Compute Canada (CC) and the Canadian Association of Research Libraries (CARL) and its Portage Network are collaborating to provide a scalable federated platform for digital research data management (RDM) and discovery.

This Federated Research Data Repository (FRDR) is a part of that platform to support transferring, ingesting, curating, preserving, discovering, and sharing Canadian reserach data.

FRDR is not intended to serve as a monolithic solution for all of Canada’s research data needs. Rather, it is meant to provide a framework that allows existing and future data repositories to be federated within a coherent system. At the same time, it provides a flexible repository and preservation system for Canadian researchers and institutions who do not have an existing solution.

RDM practices increase accountability for use of public funds, improve the completeness and understandability of data that is retained, improve the veracity of research findings by permitting other researchers to reproduce the results, improve the discoverability of data by other researchers, and ultimately accelerate new research outcomes.

FRDR in Limited Production

FRDR is currently in a limited production phase. A small number of research groups have been invited to deposit datasets into FRDR.

The software development project and service launch has been sponsored by Compute Canada and CARL. The Portage Network of CARL assisted with the requirements and design of a national platform service, providing metadata and data workflow solutions and testing the platform. Compute Canada provided project management and software development expertise and necessary computational power. The team has included a core team from the University of Saskatchewan.

Project timeframe

The software development project was started in January 2016 and followed an earlier pilot project that identified scalability and preservation as key elements of the service that was needed.

Alpha testing of the user interfaces was started in late 2016 thanks to the contribution of discover interface code developed by the University of British Columbia. Beta testing was started in April 2017 and the project is now in a production mode, but with a small number of research groups.


The Service Manager for FRDR is under the Portage Service Manager, Lee Wilson

The Steering Committee for the project comprises representation from Compute Canada and the Canadian Association of Research Libraries:

The software development project team consists of the core team from the University of Saskatchewan:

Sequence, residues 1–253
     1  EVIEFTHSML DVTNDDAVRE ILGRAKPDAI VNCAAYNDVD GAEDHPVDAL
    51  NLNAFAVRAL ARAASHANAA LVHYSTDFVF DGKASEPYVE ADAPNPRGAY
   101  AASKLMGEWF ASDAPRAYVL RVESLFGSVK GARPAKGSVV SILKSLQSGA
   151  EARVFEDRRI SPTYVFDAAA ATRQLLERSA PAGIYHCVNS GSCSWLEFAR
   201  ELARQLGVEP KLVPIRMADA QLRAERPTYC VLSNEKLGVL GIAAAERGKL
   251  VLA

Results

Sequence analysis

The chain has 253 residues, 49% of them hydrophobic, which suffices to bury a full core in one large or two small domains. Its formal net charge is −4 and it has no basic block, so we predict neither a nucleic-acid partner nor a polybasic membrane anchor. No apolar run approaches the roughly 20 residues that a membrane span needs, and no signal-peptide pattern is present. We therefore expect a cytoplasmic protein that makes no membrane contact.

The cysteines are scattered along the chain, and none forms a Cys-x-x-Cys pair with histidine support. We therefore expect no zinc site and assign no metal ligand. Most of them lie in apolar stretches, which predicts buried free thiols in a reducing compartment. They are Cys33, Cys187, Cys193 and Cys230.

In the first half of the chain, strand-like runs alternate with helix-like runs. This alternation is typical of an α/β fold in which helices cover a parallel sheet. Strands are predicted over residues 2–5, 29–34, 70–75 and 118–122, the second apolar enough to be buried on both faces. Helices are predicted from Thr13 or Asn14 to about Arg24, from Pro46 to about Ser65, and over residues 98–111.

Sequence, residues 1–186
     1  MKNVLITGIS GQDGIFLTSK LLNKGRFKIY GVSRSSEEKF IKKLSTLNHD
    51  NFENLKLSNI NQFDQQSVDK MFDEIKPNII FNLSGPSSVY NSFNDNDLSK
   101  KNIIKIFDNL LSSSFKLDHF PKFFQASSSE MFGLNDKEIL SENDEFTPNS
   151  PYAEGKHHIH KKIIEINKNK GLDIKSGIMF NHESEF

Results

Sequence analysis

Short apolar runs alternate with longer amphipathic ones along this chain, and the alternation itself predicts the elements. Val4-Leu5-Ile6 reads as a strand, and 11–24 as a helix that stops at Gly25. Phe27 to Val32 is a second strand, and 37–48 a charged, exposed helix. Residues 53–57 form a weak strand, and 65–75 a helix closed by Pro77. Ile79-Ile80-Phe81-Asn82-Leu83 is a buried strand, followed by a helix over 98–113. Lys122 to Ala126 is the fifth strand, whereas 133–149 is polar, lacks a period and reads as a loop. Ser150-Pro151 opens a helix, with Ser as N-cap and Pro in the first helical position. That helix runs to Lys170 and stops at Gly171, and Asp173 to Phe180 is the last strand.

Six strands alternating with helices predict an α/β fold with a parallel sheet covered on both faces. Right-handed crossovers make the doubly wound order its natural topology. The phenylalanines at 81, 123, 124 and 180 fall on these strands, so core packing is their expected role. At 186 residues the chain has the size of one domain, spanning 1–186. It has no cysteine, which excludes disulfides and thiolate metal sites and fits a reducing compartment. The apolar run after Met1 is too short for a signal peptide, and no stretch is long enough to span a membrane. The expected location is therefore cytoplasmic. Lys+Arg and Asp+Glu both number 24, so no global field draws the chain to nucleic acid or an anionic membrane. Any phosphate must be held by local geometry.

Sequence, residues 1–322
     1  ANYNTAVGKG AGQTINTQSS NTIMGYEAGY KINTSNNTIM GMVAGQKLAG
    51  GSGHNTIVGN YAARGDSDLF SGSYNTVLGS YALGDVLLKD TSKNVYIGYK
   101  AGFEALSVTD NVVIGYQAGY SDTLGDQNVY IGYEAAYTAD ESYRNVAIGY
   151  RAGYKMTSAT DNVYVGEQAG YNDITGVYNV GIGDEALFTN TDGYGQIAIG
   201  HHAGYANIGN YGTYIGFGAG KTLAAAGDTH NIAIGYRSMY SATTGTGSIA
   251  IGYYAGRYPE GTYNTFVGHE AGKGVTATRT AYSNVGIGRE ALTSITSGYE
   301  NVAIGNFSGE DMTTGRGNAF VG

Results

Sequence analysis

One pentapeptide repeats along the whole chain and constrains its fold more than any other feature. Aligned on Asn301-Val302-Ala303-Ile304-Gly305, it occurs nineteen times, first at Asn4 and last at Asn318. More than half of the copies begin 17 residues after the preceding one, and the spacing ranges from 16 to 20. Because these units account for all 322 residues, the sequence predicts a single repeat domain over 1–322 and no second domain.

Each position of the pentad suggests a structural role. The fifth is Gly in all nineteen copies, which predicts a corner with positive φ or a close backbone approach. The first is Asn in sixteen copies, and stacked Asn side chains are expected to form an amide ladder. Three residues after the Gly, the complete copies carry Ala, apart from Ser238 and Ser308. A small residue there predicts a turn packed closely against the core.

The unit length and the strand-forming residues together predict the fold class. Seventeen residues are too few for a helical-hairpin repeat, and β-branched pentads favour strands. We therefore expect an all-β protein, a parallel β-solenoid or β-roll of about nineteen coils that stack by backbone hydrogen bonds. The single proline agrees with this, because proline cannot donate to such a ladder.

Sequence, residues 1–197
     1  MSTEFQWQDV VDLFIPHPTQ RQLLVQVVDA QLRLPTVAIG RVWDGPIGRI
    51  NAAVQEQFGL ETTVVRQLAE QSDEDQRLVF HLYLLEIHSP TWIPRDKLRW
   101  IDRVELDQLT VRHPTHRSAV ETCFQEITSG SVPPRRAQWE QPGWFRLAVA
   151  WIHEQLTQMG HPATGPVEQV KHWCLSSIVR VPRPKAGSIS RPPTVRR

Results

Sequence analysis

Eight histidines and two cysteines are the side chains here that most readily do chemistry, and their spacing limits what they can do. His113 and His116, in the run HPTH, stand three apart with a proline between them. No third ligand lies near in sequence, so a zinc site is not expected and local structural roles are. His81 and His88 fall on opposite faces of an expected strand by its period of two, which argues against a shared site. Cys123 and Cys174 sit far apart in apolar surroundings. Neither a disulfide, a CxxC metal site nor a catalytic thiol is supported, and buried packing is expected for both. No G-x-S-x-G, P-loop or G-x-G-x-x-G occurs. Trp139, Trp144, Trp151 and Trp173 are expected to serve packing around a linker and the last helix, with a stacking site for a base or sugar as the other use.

Alex Garnett, Research Data Management & Systems Librarian, Simon Fraser University

Security and Privacy

See our Privacy Policy.

The copy of submitted data that FRDR has is housed on Compute Canada managed infrastructure at the University of Victoria or at the University of Waterloo.

The metadata related to datasets is housed in a database at Victoria. Most of that metadata is shared with Globus, running on Amazon Web Services services in the USA to be indexed and made available for discovering datasets. Certain metadata fields are not shared with Globus.


The Federated Research Data Repository makes extensive use of tools operated by Globus. Globus is a non-profit project out of the University of Chicago and Argonne National Laboratory. Globus is a partner in the delivery of the FRDR service and provided the following statement:

The Globus service is hosted on infrastructure provided by Amazon Web Services. The system components are encapsulated in Virtual Private Clouds (VPCs) and use security groups, which allow for the provisioning of logically isolated sections of the Amazon cloud. Globus Connect Server is installed on file systems owned and controlled by the institution or researcher, such as campus storage resources or personal computers, creating a Globus “endpoint.” Files managed by Globus are accessible only to authorized users, as defined by the permissions set by the endpoint administrator. The endpoint administrator can further control access by configuring Globus to explicitly deny or restrict access to specific parts of the filesystem. All communication with the Globus service is SSL protected and encrypted, and data transfer is optionally encrypted by the user. Research data never flow through Globus, but are transferred directly between the source and destination systems. Globus Auth provides identity and access management by brokering authentication and authorization between identity providers, resource services, and clients. Users authenticate via Globus Auth using their existing credentials from a trusted identity provider, e.g. their campus username and password. Because Globus Auth acts as an identity broker and uses federated login, institutional credentials are not sent to Globus.